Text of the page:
Alongside its commitment to green energy, Apple has increasingly been extending its efforts into its own hands – creating greener products for consumers. Today, we take a closer look at what that means…
Apple’s new Macs
Apple’s new Macs are made from 100% recycled aluminum to give material from iPhones and iPads a second life.
Whilst standard recycled aluminum accumulates impurities each time it’s recycled, Apple painstakingly designed a new alloy that can be recycled over and over again without losing important qualities, effectively meaning that iPhones, iPads, and Macs can be recycled continuously with components being reused time and time again for new devices.
In its most recent devices such as the iPhone 11 Pro, Apple uses 100% recycled tin for the solder in the logic board, more than 40 components used in the devices are made from recycled plastic, and 100% of Apple packaging, whether an AirPods box or a MacBook box, is made from 100% recycled wood or wood from responsibly managed forests, helping to prevent deforestation.
What’s more, Apple continues to advance its forest protection efforts, and most recently, CEO Tim Cook promised that the company would donate money to “help preserve and restore” the Amazon forest across Latin America.
Energy consumption is another big concern amongst environmentalists.
Energy used in our digital consumption now has a bigger impact on global warming than the aviation industry, but Apple products are 70% more energy efficient now than they were in 2008, and new innovations such as Dark Mode on iOS help to preserve battery life on OLED displays, as dark pixels can be turned off selectively on devices rather than lit up unnecessarily.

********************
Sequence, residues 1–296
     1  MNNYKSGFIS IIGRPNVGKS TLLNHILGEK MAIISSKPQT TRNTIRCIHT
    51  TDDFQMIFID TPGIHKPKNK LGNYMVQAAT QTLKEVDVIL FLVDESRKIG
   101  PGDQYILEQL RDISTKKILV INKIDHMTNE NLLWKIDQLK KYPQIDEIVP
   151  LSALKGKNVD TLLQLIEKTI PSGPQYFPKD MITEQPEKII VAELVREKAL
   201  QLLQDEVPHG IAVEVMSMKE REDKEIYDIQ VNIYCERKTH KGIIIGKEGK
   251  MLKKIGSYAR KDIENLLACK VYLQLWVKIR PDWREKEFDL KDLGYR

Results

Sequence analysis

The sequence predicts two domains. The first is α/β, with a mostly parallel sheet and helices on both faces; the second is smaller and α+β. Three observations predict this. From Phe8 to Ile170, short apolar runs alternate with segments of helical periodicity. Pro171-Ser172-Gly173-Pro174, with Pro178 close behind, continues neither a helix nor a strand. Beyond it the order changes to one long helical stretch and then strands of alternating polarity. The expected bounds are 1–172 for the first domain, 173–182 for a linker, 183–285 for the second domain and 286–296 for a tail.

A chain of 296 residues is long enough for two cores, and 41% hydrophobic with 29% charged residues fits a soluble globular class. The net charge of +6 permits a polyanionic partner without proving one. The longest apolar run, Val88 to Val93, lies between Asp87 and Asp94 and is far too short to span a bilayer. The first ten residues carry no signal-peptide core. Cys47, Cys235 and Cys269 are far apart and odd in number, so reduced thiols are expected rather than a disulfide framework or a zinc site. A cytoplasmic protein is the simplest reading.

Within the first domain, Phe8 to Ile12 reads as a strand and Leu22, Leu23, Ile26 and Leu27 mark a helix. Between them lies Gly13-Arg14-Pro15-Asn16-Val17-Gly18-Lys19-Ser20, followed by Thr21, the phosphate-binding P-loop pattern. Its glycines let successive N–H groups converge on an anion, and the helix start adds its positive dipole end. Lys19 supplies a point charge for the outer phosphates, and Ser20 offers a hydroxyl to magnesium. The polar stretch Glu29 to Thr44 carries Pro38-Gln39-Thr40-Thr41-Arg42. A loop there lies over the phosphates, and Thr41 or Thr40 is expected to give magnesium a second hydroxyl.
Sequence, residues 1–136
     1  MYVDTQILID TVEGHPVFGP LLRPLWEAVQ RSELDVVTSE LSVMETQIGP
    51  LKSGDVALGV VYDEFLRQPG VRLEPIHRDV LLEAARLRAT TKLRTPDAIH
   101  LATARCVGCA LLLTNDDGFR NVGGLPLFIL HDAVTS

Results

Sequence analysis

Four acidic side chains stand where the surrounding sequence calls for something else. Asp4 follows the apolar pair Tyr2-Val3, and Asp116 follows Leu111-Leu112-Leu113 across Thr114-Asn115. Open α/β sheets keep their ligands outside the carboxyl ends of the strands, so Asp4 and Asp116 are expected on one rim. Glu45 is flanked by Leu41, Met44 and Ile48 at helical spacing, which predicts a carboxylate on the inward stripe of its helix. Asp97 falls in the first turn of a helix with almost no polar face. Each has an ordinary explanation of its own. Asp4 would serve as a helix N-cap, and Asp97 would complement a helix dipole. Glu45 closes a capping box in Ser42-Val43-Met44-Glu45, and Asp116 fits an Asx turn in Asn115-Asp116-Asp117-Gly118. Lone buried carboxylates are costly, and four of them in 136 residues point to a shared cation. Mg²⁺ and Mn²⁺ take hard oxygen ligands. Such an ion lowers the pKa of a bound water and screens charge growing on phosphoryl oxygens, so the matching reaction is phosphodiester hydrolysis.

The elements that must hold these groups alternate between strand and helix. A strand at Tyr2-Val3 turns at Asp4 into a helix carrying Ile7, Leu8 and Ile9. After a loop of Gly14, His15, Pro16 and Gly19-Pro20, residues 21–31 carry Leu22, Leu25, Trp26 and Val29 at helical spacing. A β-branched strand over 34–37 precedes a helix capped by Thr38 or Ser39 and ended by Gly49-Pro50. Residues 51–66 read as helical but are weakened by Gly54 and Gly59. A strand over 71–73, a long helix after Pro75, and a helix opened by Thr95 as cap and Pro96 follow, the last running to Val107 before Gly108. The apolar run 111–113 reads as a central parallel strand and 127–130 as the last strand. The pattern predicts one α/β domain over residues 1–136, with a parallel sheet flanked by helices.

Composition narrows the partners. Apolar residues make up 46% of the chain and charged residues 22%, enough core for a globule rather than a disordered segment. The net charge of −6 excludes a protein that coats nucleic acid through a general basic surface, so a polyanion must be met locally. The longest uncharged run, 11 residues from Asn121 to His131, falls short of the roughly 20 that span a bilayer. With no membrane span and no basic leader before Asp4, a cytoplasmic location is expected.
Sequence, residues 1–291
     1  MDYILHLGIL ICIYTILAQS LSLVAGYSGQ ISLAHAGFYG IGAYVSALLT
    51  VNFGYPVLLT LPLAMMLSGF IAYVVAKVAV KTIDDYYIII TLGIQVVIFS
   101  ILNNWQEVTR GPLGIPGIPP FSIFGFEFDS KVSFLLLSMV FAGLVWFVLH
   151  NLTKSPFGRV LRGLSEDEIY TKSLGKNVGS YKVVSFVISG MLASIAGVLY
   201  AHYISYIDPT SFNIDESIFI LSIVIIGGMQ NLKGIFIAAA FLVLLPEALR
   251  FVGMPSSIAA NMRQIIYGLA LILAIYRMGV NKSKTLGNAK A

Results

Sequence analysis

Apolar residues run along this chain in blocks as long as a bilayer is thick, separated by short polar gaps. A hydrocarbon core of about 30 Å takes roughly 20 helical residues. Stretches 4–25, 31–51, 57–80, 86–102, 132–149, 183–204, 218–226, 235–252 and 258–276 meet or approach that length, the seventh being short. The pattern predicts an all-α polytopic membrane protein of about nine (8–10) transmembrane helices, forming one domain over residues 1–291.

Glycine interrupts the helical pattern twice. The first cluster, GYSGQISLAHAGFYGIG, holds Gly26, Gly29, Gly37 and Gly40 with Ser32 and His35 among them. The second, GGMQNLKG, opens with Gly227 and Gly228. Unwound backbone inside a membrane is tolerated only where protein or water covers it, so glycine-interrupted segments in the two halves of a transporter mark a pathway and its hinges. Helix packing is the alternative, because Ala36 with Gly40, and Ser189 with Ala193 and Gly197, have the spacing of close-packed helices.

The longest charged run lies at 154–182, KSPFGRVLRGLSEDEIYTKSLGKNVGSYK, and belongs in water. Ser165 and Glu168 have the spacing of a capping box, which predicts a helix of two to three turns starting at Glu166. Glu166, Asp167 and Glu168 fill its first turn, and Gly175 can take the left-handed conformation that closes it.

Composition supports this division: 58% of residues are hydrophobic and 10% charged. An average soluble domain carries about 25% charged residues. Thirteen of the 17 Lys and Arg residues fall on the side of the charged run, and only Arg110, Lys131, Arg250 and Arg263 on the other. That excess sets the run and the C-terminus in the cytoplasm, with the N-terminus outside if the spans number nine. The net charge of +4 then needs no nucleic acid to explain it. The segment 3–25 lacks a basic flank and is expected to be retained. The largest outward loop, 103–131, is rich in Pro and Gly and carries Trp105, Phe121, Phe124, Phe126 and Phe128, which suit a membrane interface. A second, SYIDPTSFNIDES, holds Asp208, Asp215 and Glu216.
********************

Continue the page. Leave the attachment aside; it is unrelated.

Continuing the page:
Build quality is also another consideration, and Apple is now designing products that can withstand years of use, like water resistance and strengthened glass to prevent cracks on the iPhone.
Repair and recycle
When the worst does happen, there are now more than 5,00 Apple-certified repair locations around the world, and Apple Trade-In allows users to exchange their old devices for credit, with those devices reused by new owners or recycled for parts for future Apple technology.
That’s without mentioning software, with iOS 13 supporting devices back to the iPhone 6S and SE, extending the life of older products and introducing advanced new functionality and security like Sign in with Apple that makes iPhones, iPads, and MacBooks a long-term investment, rather than disposable.
In addition, all of Apple’s services, from iCloud storage and Apple Music to FaceTime and Apple TV+, are powered by renewable servers and encourage consumers to consume less physical content, like DVDs and game consoles which contribute to more unnecessary plastic waste.
Apple’s ecosystem is only getting more powerful, too, meaning more of the things we use and need every day can be stored on our smartphones.
The Measure app means we don’t need a tape measure, the Photos app means we don’t need to print out our pictures, and the Notes app means no more Post Its.
In the future, Apple users in the United Kingdom could even store their identity information and passports on their iPhones, unlocking more possibilities.
Stay tuned for more from AppleMagazine, every week.